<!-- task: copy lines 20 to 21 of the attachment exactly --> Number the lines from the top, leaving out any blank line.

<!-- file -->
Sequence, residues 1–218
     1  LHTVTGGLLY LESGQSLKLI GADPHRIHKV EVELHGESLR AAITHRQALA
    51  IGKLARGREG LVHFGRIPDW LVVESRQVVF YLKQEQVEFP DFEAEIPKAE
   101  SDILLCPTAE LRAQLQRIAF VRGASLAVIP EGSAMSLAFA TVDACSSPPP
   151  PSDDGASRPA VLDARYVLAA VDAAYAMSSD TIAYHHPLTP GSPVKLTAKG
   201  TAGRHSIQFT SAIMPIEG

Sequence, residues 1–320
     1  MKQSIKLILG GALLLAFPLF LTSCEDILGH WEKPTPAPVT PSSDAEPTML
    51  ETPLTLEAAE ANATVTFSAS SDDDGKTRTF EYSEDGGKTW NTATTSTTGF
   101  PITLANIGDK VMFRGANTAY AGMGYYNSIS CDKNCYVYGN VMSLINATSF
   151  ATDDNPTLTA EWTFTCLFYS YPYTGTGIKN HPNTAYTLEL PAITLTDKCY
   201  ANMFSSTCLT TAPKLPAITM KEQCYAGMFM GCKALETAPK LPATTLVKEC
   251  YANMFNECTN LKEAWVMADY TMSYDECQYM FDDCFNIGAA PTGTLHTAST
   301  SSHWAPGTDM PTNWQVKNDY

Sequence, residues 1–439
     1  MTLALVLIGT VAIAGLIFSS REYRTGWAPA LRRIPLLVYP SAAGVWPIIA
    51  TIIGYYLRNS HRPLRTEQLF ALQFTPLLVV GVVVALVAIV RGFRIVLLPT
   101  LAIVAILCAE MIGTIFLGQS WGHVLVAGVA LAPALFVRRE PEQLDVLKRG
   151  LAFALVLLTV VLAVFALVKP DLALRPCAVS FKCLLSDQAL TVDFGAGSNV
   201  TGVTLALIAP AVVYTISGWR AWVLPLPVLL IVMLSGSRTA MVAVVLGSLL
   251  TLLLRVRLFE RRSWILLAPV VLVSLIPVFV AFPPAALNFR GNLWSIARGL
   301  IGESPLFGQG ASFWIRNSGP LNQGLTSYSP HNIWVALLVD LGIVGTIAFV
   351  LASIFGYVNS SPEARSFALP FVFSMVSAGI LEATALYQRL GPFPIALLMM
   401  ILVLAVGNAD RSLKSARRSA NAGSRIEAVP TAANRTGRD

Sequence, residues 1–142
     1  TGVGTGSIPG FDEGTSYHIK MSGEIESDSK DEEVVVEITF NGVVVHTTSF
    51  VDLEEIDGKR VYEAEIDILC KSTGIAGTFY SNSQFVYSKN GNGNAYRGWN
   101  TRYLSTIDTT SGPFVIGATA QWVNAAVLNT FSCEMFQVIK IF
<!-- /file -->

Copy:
   201  TGVTLALIAP AVVYTISGWR AWVLPLPVLL IVMLSGSRTA MVAVVLGSLL
   251  TLLLRVRLFE RRSWILLAPV VLVSLIPVFV AFPPAALNFR GNLWSIARGL